A Different Lens

So my book is finally out. And by that I mean it’s been sent to reviewers, friends, and family. All day today I’ve felt uncomfortable because I’ve been nervous about how the book will be received. I thought it was because I worried about whether people will like it or not, but in truth that’s not what’s bothering me. In truth, I’m scared. I’m scared that once people read all my personal details, once everyone sees how my mind works, that my friends will decide to disassociate with me. That once my true self is revealed I’ll be shunned.

 

This is an old story for me, one from childhood. I’ve believed I didn’t have friends as a kid because once my peers found out how weird I was they decided not to have anything to do with me. That’s how I viewed things through my childhood lens. But as an adult I can see a fuller, more accurate picture. That’s really not what happened. I had friends. Nobody shunned me. Really I was the one rejecting them because I didn’t feel a connection. I chose to spend time by myself rather than with people I didn’t share anything in common with. It wasn’t because I was a weirdo loser freak that scared people off. It wasn’t because people found out about “the real me.”

 

As an adult I also know people like learning about vulnerabilities, they LOVE hearing about the deeply personal stuff because that’s how we connect with one another. I love it when people feel like they can confide in me. When they want to talk about what’s really going on. My book is an opportunity of sorts to have the same thing happen, to allow people to connect with me. Instead of keeping others at arm’s length, I’m letting people in. I think that’s what’s so scary. I don’t get to pick and choose who I’m letting in, it’s anyone who’s interested in my story.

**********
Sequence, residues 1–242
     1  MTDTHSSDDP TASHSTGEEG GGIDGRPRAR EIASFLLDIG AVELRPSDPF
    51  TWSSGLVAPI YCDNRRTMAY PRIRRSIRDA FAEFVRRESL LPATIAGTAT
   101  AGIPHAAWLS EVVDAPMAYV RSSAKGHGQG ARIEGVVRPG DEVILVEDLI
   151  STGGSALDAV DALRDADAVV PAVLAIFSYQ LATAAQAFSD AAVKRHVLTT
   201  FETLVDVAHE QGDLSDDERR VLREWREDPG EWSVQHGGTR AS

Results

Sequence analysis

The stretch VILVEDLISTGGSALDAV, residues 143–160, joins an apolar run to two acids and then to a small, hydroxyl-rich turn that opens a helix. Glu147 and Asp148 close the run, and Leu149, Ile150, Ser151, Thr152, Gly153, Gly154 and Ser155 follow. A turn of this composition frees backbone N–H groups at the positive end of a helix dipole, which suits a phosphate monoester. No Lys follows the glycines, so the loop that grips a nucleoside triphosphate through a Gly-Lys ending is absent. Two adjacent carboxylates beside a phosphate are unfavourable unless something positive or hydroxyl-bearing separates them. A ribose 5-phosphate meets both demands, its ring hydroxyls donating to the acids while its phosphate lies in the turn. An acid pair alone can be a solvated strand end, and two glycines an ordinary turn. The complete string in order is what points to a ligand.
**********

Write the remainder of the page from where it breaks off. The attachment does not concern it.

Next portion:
I also think about how people have shared with me things they were ashamed of, things that are not widely accepted or approved of, and my response was not to go running from the room. My response was not to turn up my nose in disgust. Instead I felt compassion for the person, for the pain that drove them to act out in such a way. I’m hoping my friends will react the same way. Instead of cutting off all ties because they found out some things that happened years ago, they’ll react with compassion and with love. Because when I’ve been my most vulnerable that’s all I’ve ever received.

 

I guess I’m saying I can look at a story that has shaped my identity and how I move about the world with a different lens. These days I get to see the reality of what happened to me instead of just the pain. I get to heal my childhood trauma and recognize I wasn’t as powerless as I led myself to believe. That I had a choice in things. That I co-created an experience for myself.

 

As far as my book, no one will turn me out because they suddenly find out I’m human and I have feelings. They won’t say, “Sorry Rebekah, you’re not the person I thought you were,” because they learned more about me. But if they do, is that really someone I want in my life anyone? I choose to know it’s safe to be me, that it’s safe to express myself, that I can view my life’s events from another lens and thus experience some peace.

 

I dream of a world where we know it’s safe to reveal our true colors. A world where we feel comfortable sharing our raw and honest emotions. A world where we examine our past with a different lens acknowledging things were perhaps not what they seemed.
Another world is not only possible, it’s probable.

Meet the Author

Rebekah
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